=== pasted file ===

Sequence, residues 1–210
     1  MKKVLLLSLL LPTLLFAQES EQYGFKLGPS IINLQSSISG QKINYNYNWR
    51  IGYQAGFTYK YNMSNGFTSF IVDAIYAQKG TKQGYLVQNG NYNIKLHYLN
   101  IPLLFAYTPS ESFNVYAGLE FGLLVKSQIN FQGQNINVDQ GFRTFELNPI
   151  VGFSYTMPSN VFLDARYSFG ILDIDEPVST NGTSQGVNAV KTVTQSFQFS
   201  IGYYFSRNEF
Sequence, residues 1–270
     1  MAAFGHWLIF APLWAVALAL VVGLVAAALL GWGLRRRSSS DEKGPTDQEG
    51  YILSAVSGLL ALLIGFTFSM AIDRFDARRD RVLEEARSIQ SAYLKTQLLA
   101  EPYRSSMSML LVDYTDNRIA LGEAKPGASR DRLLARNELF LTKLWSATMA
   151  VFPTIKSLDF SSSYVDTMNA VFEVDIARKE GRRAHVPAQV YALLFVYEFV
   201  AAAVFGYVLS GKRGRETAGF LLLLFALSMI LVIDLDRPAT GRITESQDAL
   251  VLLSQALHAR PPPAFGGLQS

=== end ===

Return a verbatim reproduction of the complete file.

Sequence, residues 1–210
     1  MKKVLLLSLL LPTLLFAQES EQYGFKLGPS IINLQSSISG QKINYNYNWR
    51  IGYQAGFTYK YNMSNGFTSF IVDAIYAQKG TKQGYLVQNG NYNIKLHYLN
   101  IPLLFAYTPS ESFNVYAGLE FGLLVKSQIN FQGQNINVDQ GFRTFELNPI
   151  VGFSYTMPSN VFLDARYSFG ILDIDEPVST NGTSQGVNAV KTVTQSFQFS
   201  IGYYFSRNEF
Sequence, residues 1–270
     1  MAAFGHWLIF APLWAVALAL VVGLVAAALL GWGLRRRSSS DEKGPTDQEG
    51  YILSAVSGLL ALLIGFTFSM AIDRFDARRD RVLEEARSIQ SAYLKTQLLA
   101  EPYRSSMSML LVDYTDNRIA LGEAKPGASR DRLLARNELF LTKLWSATMA
   151  VFPTIKSLDF SSSYVDTMNA VFEVDIARKE GRRAHVPAQV YALLFVYEFV
   201  AAAVFGYVLS GKRGRETAGF LLLLFALSMI LVIDLDRPAT GRITESQDAL
   251  VLLSQALHAR PPPAFGGLQS